5 Simple Things You Can Do to Mimimize Rosacea
No one is able to maintain much confidence their skin looks blotchy, so those who deal with rosacea often feel self-consciousness and embarrassed. A condition that affects physical appearance, rosacea is a common skin problem that many people deal with on a daily basis. In fact, the National Rosacea Society estimates 16 million Americans are affected by rosacea. The condition comes with a variety of symptoms, and the severity can range from occasional redness of the face to thick skin with a bumpy texture. While there is no cure for rosacea, there are ways it can be managed. Here are five things you can do to minimize it.
1. Avoid common triggers
Each case is different, so it’s no surprise there are a wide array of factors that may trigger an individual’s flare-up. Environment, genetics, and lifestyle all play a role. Still, the National Rosacea Society says common triggers include alcohol intake, excessively warm environments, and stress or anxiety.
While it may not be possible to completely avoid everything on someone’s list, if you have rosacea and are able to identify your personal triggers, it’s best to avoid them whenever possible. If you know a stressful situation will cause you to break out, do everything possible to manage anxiety leading up to it (if you’re not able to avoid the situation altogether, that is). If you’re prone to redness and skin irritation when you drink, cut back on the booze for a while to see if it makes a difference.
Once you’ve been diagnosed with rosacea, your doctor may prescribe you an antibiotic to help reduce the skin’s irritation and help keep the bacterial component under control. Oral medications, which also seem to have an anti-inflammatory benefit, can be quite effective for keeping redness at bay. Drugs.com says common antibiotics that have been known to help treat rosacea include doxycycline, tetracycline, and minocycline. But keep in mind, it’s important to discuss all potential side effects and known health risks prior to starting any medication. These ones in particular can have adverse, sometimes severe, interactions with other medications you may be taking.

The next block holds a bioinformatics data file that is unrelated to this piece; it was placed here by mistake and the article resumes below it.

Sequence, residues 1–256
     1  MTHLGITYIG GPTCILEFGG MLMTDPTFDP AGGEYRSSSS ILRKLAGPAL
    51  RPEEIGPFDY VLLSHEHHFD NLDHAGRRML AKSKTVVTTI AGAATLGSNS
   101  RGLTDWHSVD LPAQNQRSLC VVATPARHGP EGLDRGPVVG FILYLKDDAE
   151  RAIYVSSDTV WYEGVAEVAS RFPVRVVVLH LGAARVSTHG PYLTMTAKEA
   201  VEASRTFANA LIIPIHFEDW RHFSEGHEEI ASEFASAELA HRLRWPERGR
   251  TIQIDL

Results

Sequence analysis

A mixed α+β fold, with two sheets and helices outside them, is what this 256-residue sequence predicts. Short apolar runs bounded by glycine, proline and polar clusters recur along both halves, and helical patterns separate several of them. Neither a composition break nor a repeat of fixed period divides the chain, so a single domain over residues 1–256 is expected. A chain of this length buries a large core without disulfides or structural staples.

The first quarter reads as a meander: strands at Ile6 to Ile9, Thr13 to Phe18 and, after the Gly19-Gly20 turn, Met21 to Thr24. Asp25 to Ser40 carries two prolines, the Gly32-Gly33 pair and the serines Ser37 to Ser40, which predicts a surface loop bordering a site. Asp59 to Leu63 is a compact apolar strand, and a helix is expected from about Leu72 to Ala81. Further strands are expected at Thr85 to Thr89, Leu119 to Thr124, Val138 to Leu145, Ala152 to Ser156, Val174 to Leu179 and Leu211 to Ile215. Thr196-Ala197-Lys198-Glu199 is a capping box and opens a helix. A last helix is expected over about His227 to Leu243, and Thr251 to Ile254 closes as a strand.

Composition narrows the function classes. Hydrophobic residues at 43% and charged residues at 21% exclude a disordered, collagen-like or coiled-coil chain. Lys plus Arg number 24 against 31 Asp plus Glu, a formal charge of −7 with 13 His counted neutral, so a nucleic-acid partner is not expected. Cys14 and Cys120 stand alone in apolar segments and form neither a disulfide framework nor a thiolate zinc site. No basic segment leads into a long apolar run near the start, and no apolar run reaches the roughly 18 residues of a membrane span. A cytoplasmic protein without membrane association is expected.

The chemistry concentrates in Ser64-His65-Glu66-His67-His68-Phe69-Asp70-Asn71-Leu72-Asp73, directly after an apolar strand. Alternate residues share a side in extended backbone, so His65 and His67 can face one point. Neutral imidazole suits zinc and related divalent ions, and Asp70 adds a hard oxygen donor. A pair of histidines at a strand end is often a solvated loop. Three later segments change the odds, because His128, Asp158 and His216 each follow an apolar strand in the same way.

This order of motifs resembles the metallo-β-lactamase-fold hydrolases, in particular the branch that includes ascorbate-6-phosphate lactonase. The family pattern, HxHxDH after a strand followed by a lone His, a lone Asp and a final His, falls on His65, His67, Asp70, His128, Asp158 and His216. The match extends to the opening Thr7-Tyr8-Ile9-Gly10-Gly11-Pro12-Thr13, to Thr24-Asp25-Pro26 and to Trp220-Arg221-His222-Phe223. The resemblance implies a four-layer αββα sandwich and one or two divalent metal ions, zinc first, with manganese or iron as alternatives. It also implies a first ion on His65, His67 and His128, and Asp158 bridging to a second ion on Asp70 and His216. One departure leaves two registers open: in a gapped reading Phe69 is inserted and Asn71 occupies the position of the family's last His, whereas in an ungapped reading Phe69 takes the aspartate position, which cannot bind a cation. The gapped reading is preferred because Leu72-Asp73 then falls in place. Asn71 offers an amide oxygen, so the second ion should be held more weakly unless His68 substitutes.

3. Laser procedures
If you’ve really been scarred by rosacea, you may be a good candidate for certain dermatological procedures. According to the American Academy of Dermatology, your dermatologist can remove the thickening skin on your face with lasers, dermabrasion (which removes the skin), or electrocautery (which sends electric current into the skin to treat it).
4. Use products for sensitive skin
You already know the cosmetics industry is full of marketing geniuses. Pulling at the heartstrings of anyone who’s not flawless, the beauty market makes it hard to resist the temptation to try it all. But from the latest in makeup contouring to the most fragrant of perfumes, many of these popular products can also irritate sensitive skin. If you’re prone to flushed complexion, steer clear of products with unnecessary chemicals or additives, and avoid trying to “scrub” the red off your face with harsh exfoliants. Instead, try something that’s geared toward people with your skin type, such as Cetaphil.
5. Wear sunscreen
This should be a given, but it always comes as a shock whenever you see people who still refuse to wear sunscreen. Besides the fact that skin cancer is the most common of all cancer types (according to the American Cancer Society, 3.5 million cases of non-melanoma skin cancer are diagnosed in the U.S. every year), wearing sunscreen on a daily basis can not only help prevent skin cancer, but it can also help in controlling your signs and symptoms of rosacea. Protecting your skin from the elements is important, but just be sure you’re using a product that won’t further irritate your already sensitive skin (see above).